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    Oh I only meant I wasn't willing to spend the money for a 17 and 18 both.

    I'd happily drop upwards of a grand for a pinned, classic blued 17 OR an 18. Worth it in my opinion.
     
  8. wanderinwalker

    wanderinwalker Member

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    Oh no, I didn't think you meant it wasn't worth spending the money. No worries. ;)

    As for the cost, sometimes "right place, right time" is a factor. I have a grand into both them combined.
     
  9. GooseGestapo

    GooseGestapo Member

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    Suggestion;

    2-clicks right with M17
    1-click left with M18
     
  10. bannockburn

    bannockburn Member

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    wanderinwalker

    Two superb looking (and accurate), S&Ws you've got there! Great photos and I love the stocks too!

    Never owned either a Model 17 or a Model 18 but did have a 4" Model 48 in .22 Mag. years ago that was very handy to have while hiking through the backwoods.
     
  11. Buck13

    Buck13 Member

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    What are those grips they're wearing now?
     
  12. wanderinwalker

    wanderinwalker Member

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    The blond stocks are maple, the dark set are cocobolo, both Ahrends Smooth Tactical with polyurethane finish. I've put in orders for a set of Retro Combats and Retro Targets and am now doing "the waiting is the hardest part". There's a good chance I'll post pictures when they arrive and the Ks have new shoes. ;)
     
    Buck13 likes this.
  13. wanderinwalker

    wanderinwalker Member

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    The .22 Magnum models are pretty nice in their own right. I haven't fired a DA .22 Magnum but I did have a Single-Six Convertible for a while. It usually went dog walking with the magnum cylinder in place.

    And now I can add a Model 48 to the want list! Funny thing, I had a pristine 6" M-48 in my hands a couple months ago. Looked beautiful and still had it's box and papers. It went for more money than I was willing to part with at that moment in time.
     
  14. FN in MT

    FN in MT Member

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    I've always had a 4" M-18 hanging around, as they are great for letting a new shooter get accustomed to a handgun. Lighter than the 6", smaller grips easily installed, zero recoil, etc. But I have ALWAYS preferred the 6" K-22. Few things more fun than an afternoon at the quarry with a brick of .22's and my K-22!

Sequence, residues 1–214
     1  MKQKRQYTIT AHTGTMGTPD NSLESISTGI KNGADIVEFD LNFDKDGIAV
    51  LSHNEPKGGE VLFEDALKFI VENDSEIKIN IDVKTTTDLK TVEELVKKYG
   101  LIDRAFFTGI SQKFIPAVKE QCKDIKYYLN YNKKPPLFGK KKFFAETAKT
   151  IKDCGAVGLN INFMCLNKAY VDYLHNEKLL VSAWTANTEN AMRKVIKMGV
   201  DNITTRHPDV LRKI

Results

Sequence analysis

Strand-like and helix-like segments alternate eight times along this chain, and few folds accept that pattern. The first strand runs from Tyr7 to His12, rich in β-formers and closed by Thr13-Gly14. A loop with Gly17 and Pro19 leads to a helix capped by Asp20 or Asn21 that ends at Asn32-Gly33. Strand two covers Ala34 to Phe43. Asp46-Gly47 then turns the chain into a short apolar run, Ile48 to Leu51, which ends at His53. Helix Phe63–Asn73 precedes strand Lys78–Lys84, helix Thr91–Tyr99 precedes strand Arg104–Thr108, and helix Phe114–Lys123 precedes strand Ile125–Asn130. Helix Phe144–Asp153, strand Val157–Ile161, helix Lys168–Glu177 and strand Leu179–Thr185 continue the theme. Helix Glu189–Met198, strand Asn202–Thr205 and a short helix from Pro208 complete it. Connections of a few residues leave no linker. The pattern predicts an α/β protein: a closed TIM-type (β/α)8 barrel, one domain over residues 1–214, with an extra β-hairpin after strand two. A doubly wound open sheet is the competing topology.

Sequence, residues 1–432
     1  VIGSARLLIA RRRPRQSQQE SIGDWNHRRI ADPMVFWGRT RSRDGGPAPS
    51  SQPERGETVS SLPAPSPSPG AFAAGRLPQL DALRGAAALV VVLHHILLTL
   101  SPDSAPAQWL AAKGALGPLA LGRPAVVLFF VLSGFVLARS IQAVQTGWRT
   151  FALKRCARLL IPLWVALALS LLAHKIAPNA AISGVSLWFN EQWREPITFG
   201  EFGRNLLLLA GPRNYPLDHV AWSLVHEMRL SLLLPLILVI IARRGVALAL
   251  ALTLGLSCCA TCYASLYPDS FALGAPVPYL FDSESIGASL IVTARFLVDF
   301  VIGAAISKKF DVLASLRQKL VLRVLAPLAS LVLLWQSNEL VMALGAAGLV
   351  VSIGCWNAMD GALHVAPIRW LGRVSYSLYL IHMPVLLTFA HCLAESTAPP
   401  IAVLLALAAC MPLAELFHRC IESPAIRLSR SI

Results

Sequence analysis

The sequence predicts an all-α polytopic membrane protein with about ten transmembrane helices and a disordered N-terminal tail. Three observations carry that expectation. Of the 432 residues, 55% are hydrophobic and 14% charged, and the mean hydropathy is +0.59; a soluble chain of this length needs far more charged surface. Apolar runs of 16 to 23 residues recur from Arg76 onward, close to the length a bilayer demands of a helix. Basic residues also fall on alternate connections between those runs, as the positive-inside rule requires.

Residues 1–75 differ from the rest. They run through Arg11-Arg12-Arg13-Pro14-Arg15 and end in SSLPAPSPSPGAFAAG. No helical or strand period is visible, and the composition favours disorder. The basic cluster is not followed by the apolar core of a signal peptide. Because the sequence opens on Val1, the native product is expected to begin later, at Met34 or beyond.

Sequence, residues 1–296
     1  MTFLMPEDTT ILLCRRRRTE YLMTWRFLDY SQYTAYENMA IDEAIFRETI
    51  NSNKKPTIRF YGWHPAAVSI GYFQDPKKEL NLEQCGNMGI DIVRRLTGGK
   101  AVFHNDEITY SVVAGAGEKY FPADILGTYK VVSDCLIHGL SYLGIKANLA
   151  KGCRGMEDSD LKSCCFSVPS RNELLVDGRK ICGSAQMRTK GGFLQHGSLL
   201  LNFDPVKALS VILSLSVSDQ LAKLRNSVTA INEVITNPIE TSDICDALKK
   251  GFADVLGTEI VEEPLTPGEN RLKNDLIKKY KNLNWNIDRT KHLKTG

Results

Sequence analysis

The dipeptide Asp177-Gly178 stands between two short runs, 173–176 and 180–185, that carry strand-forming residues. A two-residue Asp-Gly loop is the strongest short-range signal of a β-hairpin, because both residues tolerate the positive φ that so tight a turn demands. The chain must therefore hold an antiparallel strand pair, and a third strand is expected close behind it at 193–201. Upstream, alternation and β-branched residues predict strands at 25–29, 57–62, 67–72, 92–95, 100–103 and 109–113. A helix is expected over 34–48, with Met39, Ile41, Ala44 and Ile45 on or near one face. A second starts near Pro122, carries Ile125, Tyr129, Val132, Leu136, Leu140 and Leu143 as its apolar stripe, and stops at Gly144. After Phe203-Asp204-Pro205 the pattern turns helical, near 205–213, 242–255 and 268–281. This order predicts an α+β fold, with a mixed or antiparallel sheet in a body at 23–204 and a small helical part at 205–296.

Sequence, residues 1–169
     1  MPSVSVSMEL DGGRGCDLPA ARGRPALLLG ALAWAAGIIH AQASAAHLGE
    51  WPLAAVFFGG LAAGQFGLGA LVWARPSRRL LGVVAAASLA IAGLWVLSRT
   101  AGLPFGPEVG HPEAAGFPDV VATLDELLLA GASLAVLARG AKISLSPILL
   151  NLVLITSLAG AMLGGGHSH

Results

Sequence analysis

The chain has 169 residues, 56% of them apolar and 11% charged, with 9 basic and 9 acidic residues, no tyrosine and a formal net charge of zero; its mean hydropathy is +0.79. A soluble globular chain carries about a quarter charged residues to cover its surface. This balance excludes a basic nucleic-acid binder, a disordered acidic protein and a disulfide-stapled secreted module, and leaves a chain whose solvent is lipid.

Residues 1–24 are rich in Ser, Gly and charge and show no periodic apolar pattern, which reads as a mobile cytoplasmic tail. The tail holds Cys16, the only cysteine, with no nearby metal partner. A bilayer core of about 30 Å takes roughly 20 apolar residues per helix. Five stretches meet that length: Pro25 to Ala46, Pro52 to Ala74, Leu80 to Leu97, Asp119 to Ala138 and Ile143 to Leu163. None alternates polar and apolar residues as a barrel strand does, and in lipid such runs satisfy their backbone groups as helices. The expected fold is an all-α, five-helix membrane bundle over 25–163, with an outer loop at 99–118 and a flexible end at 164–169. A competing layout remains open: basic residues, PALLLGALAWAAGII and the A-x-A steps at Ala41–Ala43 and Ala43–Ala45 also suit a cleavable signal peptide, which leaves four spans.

Same with their .38 Special larger brothers. I DO own a 4" M-67 but I have never owned a 4" M-15. Yet I have had probably a dozen various 6" K-38"s. Currently have my old SAO target gun, an early narrow rib gun, a pair of 60's era standard guns and even a 5" gun from the 1950's. One of the over runs from one of the Missouri SP five inch runs.
     
  15. bannockburn

    bannockburn Member

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    wanderinwalker

    I have had that same experience with the last couple of K-22s that I have looked at; nice but for a great deal more than I wanted to spend on one. Maybe some day...
     
  16. ClemY

    ClemY Member

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    I found a 6" Model 17 a few years ago. While I feel the 6" 617 is a bit excessively muzzle heavy and the 4" 617 is pretty good, the 17 is the best for me in balance, sight radius, trigger, everything. It is the best .22 Revo for me.
     
  17. Jonesy814

    Jonesy814 Member

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    Those are an awesome pair of 22 revolvers. I'd love to have one but never have the cash when I run into a nice one. I bought a new 4 inch 617 back in February and it is a really nice shooting gun. It makes me look really good
     
  18. GRIZ22

    GRIZ22 Member

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    This also proves a point many make about 38s being less accurate in a 357 revolver due to bullet jump. If bullet jump was such an accuracy killer a K frame shooting 22 shorts should be the most inaccurate combination going. It isnt.
     
  19. murf

    murf Member

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    the 22 rimfire cartridge has a heeled bullet and, therefore, requires a bored-through chamber. most other calibers have a step in the chamber.

    that means, in the 22 rimfire, it doesn't matter how long, or short, the round is. there is no restriction in the chamber to affect bullet performance.

    murf